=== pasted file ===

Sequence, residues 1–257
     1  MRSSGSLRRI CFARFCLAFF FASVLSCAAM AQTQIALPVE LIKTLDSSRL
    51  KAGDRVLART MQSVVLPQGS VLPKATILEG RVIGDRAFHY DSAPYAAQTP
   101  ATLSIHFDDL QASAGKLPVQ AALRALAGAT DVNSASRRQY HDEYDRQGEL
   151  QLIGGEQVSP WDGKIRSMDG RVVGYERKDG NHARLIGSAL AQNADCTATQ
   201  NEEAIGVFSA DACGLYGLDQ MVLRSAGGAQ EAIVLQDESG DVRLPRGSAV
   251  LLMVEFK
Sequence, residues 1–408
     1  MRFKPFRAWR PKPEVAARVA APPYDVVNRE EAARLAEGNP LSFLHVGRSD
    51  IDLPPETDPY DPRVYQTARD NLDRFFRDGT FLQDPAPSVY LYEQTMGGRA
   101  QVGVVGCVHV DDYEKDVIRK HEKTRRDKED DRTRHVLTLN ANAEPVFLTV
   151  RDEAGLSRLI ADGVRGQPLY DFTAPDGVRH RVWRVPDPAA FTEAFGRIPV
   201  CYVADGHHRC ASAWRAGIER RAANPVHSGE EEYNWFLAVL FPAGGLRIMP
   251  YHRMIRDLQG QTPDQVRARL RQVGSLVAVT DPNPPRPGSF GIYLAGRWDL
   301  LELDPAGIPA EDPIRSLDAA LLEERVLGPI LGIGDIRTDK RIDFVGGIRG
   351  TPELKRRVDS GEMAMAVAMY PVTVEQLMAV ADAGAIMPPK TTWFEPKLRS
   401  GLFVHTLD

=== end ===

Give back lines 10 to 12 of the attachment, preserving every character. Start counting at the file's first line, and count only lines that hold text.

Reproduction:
    51  IDLPPETDPY DPRVYQTARD NLDRFFRDGT FLQDPAPSVY LYEQTMGGRA
   101  QVGVVGCVHV DDYEKDVIRK HEKTRRDKED DRTRHVLTLN ANAEPVFLTV
   151  RDEAGLSRLI ADGVRGQPLY DFTAPDGVRH RVWRVPDPAA FTEAFGRIPV